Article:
There is abundant documentation of the intertestamental period. We just haven't read it.
The religious world we know was formed between 250 and 50 B.C.E.
“One second-century pagan critic of Christianity was willing to tolerate everything else about Christians if they would only worship the gods.”
Matthew L. Skinner recommends the best recently published books in his field.
The lines between sacred history and contemporary life are wonderfully, miraculously blurred.
Richard Hays has said for years that he's working on something about "echoes of scripture in the Gospels." But life intervened, so he has produced this slim volume as an appetizer.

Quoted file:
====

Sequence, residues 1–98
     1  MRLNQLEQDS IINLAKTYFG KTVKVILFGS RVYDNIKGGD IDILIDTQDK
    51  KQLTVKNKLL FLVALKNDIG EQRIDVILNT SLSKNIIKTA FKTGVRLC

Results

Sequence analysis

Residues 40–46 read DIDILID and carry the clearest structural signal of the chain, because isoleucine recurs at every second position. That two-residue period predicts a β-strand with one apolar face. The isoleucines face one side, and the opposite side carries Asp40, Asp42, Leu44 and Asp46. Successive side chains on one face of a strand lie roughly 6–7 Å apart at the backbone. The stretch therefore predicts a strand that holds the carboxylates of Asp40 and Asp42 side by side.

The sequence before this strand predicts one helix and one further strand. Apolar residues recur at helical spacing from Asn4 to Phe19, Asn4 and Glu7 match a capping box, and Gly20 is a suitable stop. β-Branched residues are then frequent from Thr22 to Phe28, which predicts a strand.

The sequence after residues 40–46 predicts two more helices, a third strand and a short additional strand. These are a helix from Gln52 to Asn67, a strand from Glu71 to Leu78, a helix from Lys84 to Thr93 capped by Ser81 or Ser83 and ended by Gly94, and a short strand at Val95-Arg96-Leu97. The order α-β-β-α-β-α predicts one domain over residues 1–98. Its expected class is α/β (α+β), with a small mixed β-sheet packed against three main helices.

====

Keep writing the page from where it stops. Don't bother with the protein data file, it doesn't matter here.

In The Sea and the Mirror, W.H. Auden audaciously wrote new poems in the voices of each character in Shakespeare’s The Tempest, all set after the action of the play concludes. The result is a work both wonderfully reverent and plainly modern—you might even call it modern in its reverence. I would have hoped that anyone presuming to put out a book called A New New Testament would borrow Auden’s approach and give us a genuine literary and theological invention.
The Common English Bible boasts that 120 scholars worked on it. The Kingdom New Testament was written by one (brilliant) guy.